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Commodity Investing: ETFs or ETNs?

Commodity Investing: ETFs or ETNs?

By Ron DeLegge, Editor

December 15, 2008


SAN DIEGO ( – Earlier in the year, it appeared that commodities would be a rare haven in 2008’s downward spiraling financial markets. Then, out of nowhere, the Jim Rogers commodity bus got blindsided.


One of the broadest measures of commodity performance, the iShares S&P GSCI Commodity Index Trust (NYSEArca: GSG) has fallen a steep 44.10% since the beginning of the year. The underlying index is heavily weighted towards energy commodities (68.39%) with agriculture, metals and livestock accounting for the balance. The dramatic decline in crude oil prices to under $50 a barrel from around $150 has contributed to GSG’s fall.


Will commodities bounce back?


Leveraging Commodities

Toward the end of November, the ProShares launched a series of commodity ETFs and currency ETFs that leverage and short various commodities along with currencies. The Bethesda, MD-based company is probably best known for its long/short equity funds, like the UltraShort Financials (NYSEArca: SKF) and the Short S&P 500 (NYSEArca: SH).


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The new ProShares ETFs allow investors to use leveraged and short strategies in a previously unavailable ETF format. For example, bullish gold investors have the potential to capture 200% the daily upside performance of gold via the ProShares Ultra Gold ETF (NYSEArca: UGL). Conversely, if you think gold is going to fall from its $820 per oz. pedestal, the ProShares UltraShort Gold ETF (NYSEArca: GLL) allows you to profit from any slide in gold prices.


ETNs or ETFs?

Up until the ProShares launch, exchange-traded notes (ETNs) were the only way to obtain leveraged and short exposure to commodities. (Of course, without shorting or leveraging them yourself via a futures brokerage account.) The 19 commodities-focused PowerShares/Deutsche Bank ETNs were really the only game in town, but not anymore. (See comprehensive comparison of ETFs. vs. ETNs.)


Instead of using the PowerShares DB Crude Oil Double Long ETN (NYSEArca: DXO), now investors can use the ProShares Ultra DJ-AIG Crude Oil (NYSEArca: UCO). Both investment products have the same investment strategy of trying to double the daily upside performance of crude’s move by 200%. However, UCO does not carry any credit default risk like DXO.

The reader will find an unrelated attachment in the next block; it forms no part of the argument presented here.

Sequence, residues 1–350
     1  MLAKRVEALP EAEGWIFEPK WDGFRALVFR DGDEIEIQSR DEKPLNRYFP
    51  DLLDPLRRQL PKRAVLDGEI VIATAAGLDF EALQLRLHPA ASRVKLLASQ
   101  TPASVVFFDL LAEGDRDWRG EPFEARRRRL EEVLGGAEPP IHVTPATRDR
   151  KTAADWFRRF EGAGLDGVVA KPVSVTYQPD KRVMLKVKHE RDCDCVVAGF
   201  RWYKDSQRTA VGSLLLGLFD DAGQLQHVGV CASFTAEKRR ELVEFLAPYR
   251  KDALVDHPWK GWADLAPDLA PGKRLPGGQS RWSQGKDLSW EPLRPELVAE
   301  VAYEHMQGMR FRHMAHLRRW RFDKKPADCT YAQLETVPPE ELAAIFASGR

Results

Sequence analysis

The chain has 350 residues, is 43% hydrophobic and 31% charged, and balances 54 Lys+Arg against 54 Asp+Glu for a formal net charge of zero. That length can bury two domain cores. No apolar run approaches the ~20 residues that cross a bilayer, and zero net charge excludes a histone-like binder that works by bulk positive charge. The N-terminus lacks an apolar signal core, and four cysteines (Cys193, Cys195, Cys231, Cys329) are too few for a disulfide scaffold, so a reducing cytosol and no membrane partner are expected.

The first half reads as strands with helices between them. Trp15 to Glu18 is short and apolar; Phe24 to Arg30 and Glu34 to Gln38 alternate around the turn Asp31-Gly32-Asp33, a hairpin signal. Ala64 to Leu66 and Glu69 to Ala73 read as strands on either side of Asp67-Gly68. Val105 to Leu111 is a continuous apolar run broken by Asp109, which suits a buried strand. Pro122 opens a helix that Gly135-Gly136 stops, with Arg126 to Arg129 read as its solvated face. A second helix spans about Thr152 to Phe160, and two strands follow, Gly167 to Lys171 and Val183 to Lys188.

The annual fees on the PowerShares/Deutsche Bank ETNs are a lower 0.75% versus the 0.95% for the ProShares leveraged/short commodity ETFs, but don’t overlook the other important details.


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For an additional 0.20% in annual costs, the ProShares ETFs do not carry any issuer credit risk. The fall of Lehman Brothers and the subsequent collapse of the company’s three ETN products was a nasty real-life lesson about the danger of credit default risk. Clearly, all of the other benefits of ETNs like their lack of tracking error and their favorable tax treatment (which is being reviewed by the IRS and could end at any moment) are completely undermined by ETN credit risk. What good are all of these benefits, with the chronic threat of corporate failure? For that reason, we have consistently warned our readers about the danger of ETNs.


The Obscure Product Structures behind Commodity ETFs

Most commodities focused ETFs follow a grantor trust or partnership product structure and are not registered under the Investment Company Act of 1940 like most equity and bond funds. Instead, many are registered under the Securities Act of 1933.


One such example is the SPDR Gold Trust (NYSEArca: GLD). With almost $20 billion in assets, GLD is the most popular single commodity ETF. GLD follows a grantor trust product structure and its share price is hinged to one-tenth the ounce price of gold bullion. Also, GLD does not use gold commodity futures, but holds physical gold bars in a secured vault.


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Since many commodities ETFs don’t own the physical commodities, but instead futures or options on them, their tax treatment is quite different compared to a stock or bond ETF. Gains and losses in commodity ETFs that use futures contracts are taxed as 60% long-term and 40% short-term. This creates a blended tax rate ceiling of 23% for investors in the highest tax bracket.


As we’ve mentioned before, the ideal place for commodity ETFs is inside a tax sheltered account like an IRA, ROTH IRA, or 401(k) plan. Simply put, they aren’t very tax efficient held elsewhere.


Decisions, Decisions

If you’re interested in investing in commodities what should you do? Do you choose ETFs or ETNs?


Before you can make an informed investment choice, you first need to identify the exact product structure behind the ETF or ETN. It’s impossible to make the right choice without first knowing this. One of the financial tools that will help you is ETFguide’s online database, which is one of the few places that aggregates this data into one location. Under the “Basic Fund Data” and “Fund Structure” of each ETF or ETN we identify what type of product structure it uses.


It’s important that you weigh both the advantages and disadvantages of ETFs and ETNs. Once you’ve done your own due diligence, then you can make an educated decision about which product structure best matches your investment goals.